🏆 Can semi-automate testing of CLIs

Quality Assurance → Testing → Test Automation →

Automated Testing of CLI Apps

A simple way to semi-automate testing of a CLI app is using input/output re-direction.

  • First, we feed the app with a sequence of test inputs that is stored in a file while redirecting the output to another file.
    e.g., java AddressBook < input.txt > output.txt
  • Next, we compare the actual output file with another file containing the expected output.
    e.g., FC output.txt expected.txt

Let us assume we are testing a CLI app called AddressBook (Example: se-edu/addressbook-level1). Here are the detailed steps:

  1. Store the test input in the text file input.txt.

    add Valid Name p/12345 valid@email.butNoPrefix
    add Valid Name 12345 e/valid@email.butPhonePrefixMissing
  2. Store the output we expect from the SUT in another text file expected.txt.

    Command: || [add Valid Name p/12345 valid@email.butNoPrefix]
    Invalid command format: add 
    Command: || [add Valid Name 12345 e/valid@email.butPhonePrefixMissing]
    Invalid command format: add 
  3. Run the program as given below, which will redirect the text in input.txt as the input to AddressBook and similarly, will redirect the output of AddressBook to a text file output.txt. Note that this does not require any code changes to AddressBook.

    java AddressBook < input.txt > output.txt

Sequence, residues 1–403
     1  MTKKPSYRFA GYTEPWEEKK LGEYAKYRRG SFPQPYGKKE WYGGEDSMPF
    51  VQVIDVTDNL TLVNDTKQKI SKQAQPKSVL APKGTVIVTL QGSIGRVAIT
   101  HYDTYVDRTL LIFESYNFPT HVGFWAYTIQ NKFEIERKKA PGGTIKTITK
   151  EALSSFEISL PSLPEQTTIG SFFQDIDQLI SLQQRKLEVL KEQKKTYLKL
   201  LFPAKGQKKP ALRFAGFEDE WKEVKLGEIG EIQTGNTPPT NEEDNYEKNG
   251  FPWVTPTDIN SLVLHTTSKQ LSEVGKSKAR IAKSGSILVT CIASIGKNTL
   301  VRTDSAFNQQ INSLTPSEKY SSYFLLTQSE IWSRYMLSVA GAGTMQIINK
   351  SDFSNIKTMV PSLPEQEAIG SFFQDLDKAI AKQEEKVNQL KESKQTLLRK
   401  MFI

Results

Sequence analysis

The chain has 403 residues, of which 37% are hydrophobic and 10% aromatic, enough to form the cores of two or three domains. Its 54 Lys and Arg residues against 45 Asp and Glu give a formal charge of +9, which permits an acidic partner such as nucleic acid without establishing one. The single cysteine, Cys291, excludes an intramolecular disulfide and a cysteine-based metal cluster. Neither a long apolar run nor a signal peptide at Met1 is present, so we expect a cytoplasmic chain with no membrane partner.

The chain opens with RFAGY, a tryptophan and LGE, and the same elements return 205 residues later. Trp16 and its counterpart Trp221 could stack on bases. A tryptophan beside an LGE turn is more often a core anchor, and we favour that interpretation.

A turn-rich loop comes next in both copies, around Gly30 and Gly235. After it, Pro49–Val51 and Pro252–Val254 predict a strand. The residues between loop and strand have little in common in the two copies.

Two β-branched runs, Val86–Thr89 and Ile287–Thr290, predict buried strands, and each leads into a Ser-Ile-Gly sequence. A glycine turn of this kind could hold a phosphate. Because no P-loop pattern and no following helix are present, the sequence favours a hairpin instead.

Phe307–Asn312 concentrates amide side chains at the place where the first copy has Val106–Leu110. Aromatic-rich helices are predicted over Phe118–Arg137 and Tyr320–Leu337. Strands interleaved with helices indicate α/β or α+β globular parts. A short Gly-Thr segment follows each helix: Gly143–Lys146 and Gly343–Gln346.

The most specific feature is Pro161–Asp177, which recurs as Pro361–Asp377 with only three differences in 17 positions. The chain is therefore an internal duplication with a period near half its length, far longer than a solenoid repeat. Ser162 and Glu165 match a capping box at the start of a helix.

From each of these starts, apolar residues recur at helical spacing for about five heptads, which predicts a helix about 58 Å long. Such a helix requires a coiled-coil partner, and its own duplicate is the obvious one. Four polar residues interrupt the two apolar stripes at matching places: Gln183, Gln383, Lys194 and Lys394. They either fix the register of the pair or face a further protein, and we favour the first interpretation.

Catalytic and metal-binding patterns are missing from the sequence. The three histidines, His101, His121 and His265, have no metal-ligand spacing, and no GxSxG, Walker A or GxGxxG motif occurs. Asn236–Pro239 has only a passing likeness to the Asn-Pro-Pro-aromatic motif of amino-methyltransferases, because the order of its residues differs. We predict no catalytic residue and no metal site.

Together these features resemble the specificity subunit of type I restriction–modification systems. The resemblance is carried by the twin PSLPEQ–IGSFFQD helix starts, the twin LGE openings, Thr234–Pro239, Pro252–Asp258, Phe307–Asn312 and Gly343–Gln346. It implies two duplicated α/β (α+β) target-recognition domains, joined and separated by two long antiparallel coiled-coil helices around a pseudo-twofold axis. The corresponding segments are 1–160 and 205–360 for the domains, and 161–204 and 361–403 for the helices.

A CLI program takes input from the keyboard and outputs to the console. That is because those two are default input and output streams, respectively. But you can change that behavior using < and > operators. For example, if you run AddressBook in the DOS prompt, the output will be shown in the console, but if you run it like this,

    java AddressBook > output.txt 

    the Operating System then creates a file output.txt and stores the output in that file instead of displaying it in the console. No file I/O coding is required. Similarly, adding < input.txt (or any other filename) makes the OS redirect the contents of the file as input to the program, as if the user typed the content of the file one line at a time.

    📎 Resources:

  4. Next, we compare output.txt with the expected.txt. This can be done using a utility such as Windows FC (i.e. File Compare) command, Unix diff command, or a GUI tool such as Winmerge.

    FC output.txt expected.txt

Note that the above technique is only suitable when testing CLI apps, and only if the exact output can be predetermined. If the output varies from one run to the other (e.g. it contains a time stamp), this technique will not work. In those cases we need more sophisticated ways of automating tests.

CLI App: An application that has a Command Line Interface. i.e. user interacts with the app by typing in commands.